Wednesday, 22 November 2017

Northern Treecreeper in Shetland last month

I'll confess to not knowing much more than anyone else on Northern Treecreepers on Sunday 22nd October, when I stumbled upon one in the plantation near the cemetery at Vidlin, Shetland. Out of the corner of my eye, when scanning up to the foliage for a Yellow-browed Warbler I'd just located, a movement quickly darted in the darkness low down. In the poor light, this movement is etched as being really pale grey - cold toned. And of course it transpired that this was a treecreeper, which in itself is a pretty rare bird on Shetland. So knowing that there'd been a Northern Treecreeper nearby on Out Skerries, it was not exactly a bold call to assume this was going to be a non-native treecreeper...
Northern Treecreeper Vidlin, Shetland 22nd October 2017
What struck me straight away were two things: -
1. How this bird was pecking away low down, on moss clad trees, and moving fairly rapidly within a small area. It was the most showy treecreeper I'd ever seen!
2. It was mega cold in appearance, more so than the photos suggest. It did give a bit of a Black-and-White Warbler feel... honestly.


Northern Treecreeper Vidlin, Shetland 22nd October 2017 - note the cold tone to the underparts and upperparts, and especially the broad white supercilium that broadens behind the eye and almost hits the upperparts; little of evidence of rufous/warmth in any of the plumage including the uppertail and rump.
Most of us will be aware of Northern Treecreepers, potentially from commentary from the late Martin Garner on his Flamborough bird here and here and also in his Birding Frontiers Challenge Series: Autumn. Anyway, Northern Treecreeper refers to the nominate race familiaris, with the warmer toned British birds being aptly named the britannica subspecies. Nominate birds are apparently clinal, with the further east you go the colder and greyer they become - so the BBRC says. And why are the BBRC interested? Because it is a description species, although there is a bit of conflicting info in terms of its actual status: -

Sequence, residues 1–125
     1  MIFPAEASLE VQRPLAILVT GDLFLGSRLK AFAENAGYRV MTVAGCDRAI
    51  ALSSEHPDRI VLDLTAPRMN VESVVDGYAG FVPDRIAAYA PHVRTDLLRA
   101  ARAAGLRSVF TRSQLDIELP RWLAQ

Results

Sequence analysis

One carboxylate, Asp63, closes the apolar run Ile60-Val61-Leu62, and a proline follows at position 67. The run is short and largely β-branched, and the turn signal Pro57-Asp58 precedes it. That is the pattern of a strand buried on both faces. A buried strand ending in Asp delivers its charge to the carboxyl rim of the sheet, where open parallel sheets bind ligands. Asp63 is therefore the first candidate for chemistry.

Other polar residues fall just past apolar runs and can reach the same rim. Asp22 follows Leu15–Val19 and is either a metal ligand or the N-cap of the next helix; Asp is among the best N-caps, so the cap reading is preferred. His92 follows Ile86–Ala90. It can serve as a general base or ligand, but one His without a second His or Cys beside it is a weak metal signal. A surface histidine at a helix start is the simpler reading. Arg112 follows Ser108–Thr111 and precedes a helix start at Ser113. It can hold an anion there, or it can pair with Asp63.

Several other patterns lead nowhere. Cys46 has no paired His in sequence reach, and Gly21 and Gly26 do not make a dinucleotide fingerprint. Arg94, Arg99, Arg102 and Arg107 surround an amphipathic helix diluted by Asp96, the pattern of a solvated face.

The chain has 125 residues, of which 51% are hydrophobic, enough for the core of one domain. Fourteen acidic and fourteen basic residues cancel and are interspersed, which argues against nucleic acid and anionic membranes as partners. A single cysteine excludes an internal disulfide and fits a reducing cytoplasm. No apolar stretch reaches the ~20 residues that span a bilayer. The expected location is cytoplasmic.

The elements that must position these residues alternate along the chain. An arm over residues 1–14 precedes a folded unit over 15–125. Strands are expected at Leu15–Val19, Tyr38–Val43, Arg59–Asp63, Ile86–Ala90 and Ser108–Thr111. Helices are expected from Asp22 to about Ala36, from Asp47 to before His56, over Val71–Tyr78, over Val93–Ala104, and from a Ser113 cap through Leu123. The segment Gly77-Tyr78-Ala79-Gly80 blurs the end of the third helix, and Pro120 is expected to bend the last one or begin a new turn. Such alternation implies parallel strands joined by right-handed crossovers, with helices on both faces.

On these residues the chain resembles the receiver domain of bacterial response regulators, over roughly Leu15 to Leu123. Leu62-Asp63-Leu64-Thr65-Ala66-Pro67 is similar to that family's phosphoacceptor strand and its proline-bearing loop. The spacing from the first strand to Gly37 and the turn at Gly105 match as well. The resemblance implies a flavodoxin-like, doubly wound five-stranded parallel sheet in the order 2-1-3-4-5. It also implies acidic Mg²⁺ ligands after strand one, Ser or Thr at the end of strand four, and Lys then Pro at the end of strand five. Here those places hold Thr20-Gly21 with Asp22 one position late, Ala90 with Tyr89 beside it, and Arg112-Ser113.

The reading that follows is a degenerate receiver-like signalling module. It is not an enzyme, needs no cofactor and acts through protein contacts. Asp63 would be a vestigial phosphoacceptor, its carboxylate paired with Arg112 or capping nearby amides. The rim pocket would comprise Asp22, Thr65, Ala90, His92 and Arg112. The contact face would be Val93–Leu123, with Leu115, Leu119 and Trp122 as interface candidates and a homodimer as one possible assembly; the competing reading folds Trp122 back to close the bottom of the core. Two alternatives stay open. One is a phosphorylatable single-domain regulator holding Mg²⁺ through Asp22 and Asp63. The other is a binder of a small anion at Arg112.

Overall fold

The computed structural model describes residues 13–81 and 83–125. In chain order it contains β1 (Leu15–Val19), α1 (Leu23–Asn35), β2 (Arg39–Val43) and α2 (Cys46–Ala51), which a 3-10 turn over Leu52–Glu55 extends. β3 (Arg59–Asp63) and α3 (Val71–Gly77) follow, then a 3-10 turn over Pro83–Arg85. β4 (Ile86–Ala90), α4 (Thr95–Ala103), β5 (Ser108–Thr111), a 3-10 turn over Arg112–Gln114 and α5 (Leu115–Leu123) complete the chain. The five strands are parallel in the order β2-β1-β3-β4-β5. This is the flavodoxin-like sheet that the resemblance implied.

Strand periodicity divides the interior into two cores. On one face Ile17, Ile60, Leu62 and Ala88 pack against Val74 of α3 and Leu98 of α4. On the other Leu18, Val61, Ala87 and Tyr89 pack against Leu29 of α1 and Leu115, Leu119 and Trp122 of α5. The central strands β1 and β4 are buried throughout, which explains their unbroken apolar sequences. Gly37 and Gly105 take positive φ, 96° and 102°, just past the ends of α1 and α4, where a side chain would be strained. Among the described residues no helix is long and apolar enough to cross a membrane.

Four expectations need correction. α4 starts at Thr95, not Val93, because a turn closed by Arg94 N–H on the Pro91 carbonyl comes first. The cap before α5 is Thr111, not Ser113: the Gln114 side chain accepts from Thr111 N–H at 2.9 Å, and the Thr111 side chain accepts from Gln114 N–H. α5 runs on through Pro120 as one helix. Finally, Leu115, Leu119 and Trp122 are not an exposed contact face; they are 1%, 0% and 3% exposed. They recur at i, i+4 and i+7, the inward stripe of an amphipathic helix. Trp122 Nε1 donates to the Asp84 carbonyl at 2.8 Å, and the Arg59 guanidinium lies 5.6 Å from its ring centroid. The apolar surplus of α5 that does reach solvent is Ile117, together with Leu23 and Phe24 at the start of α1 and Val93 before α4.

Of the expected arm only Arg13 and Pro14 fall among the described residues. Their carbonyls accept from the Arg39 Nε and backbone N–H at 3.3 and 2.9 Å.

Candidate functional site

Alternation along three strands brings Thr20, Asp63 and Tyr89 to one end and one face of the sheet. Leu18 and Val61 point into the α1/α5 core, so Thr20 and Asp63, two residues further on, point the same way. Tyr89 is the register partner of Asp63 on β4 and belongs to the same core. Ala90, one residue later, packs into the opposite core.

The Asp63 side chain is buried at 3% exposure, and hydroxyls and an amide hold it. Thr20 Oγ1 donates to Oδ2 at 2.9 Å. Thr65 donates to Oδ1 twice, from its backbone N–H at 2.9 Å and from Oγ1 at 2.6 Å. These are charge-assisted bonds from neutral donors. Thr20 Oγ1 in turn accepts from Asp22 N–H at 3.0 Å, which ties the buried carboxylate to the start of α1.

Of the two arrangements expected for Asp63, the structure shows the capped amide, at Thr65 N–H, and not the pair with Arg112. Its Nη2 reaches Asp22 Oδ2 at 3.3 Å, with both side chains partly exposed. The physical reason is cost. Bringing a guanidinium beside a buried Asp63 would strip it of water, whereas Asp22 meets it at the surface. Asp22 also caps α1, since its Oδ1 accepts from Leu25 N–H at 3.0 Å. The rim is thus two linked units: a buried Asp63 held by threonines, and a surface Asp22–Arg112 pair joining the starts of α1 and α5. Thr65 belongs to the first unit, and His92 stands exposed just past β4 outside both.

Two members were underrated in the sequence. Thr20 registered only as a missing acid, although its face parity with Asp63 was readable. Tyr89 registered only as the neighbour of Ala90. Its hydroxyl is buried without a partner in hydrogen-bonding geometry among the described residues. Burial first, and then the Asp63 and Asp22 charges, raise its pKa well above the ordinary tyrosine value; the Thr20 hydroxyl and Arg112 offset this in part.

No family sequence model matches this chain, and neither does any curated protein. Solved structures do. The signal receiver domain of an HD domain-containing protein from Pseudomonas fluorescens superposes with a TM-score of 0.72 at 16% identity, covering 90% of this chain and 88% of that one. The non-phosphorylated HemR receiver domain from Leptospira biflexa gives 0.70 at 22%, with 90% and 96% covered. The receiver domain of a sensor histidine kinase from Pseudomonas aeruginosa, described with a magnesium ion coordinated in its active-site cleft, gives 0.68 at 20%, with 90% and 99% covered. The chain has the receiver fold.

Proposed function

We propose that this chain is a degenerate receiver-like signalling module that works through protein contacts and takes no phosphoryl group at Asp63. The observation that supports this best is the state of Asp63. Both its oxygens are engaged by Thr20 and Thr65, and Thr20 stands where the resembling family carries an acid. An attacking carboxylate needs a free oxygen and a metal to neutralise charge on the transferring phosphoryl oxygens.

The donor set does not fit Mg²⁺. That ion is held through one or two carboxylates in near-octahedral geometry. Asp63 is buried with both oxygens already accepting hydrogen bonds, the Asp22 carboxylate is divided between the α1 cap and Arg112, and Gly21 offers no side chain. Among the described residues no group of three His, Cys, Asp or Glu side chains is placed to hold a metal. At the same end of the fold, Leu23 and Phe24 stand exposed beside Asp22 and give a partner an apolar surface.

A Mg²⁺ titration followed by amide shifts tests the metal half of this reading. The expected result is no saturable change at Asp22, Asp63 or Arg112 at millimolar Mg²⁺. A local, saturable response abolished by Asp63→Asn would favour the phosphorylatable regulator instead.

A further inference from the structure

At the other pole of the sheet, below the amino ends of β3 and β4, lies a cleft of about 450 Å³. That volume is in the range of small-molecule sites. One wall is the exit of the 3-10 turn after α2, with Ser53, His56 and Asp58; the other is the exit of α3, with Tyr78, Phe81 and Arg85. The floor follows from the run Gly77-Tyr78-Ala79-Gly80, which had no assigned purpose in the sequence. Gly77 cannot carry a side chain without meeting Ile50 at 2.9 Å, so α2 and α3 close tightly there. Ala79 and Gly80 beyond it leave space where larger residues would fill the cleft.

- 'Nominate familiaris is also on the British List but its published status in the literature is somewhat contradictory. Witherby et al. (1940) listed only four records but it is described in the BOU 8th Checklist and in Kehoe (2006) as a scarce migrant. Cramp et al. (1993) described it as a rare vagrant in Britain and also noted its rarity in the Netherlands and on Heligoland, Germany. It appears to be a genuinely rare late autumn (and sometimes wintering) vagrant, occurring as part of occasional irruptions out of Scandinavia and with very few confirmed records from east coast migration ‘hotspots’. Only on Shetland are more occurrences documented but even here it is rare.' BBRC website.
 - '39 records in Shetland up to 2004, where British birds assumed not to occur. 78 Lanceolated Warblers and 128 Subalpine Warblers in the same period in Shetland. Exceptionally, two were trapped at Spurn in autumn 2013 but otherwise 3 previous confirmed records of Northern Treecreeper. In Norfolk there are 3 records indicted with one trapped bird with biometrics outside of the range for brittanicaOn the Farne Islands (Northumberland) one accepted record on 20th October 2004  out of 22 records of Treecreeper in total per David Steele. Conclusion: It's a rare bird.' Birding Frontiers.


Northern Treecreeper Vidlin, Shetland 22nd October 2017 - in the top two of these three photos, the cold centred scapulars and mantle feathers are really apparent giving an overall grey tone to the bird. The bottom photo here illustrates the coldness of the underparts.
So despite a little contradiction in its status, what should we be looking out for? Note that much of this comes from previous Birding Frontiers pointers: -
- a white supercilium that flares and broadens behind the eye
- underparts cold white with any colour confined to rear flanks; vent and undertail-coverts are wholly white too
- mantle and scapulars greyish in overall tone, with white centres giving a spotted, cold effect
- pale secondary panel lacking any warmth

Northern Treecreeper Vidlin, Shetland 22nd October 2017
Anyway, I really enjoyed this bird and thought it was worth highlighting these northern birds once again.

2 comments:

  1. Totally crippling bird that.

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  2. Thanks for sharing, nice post!

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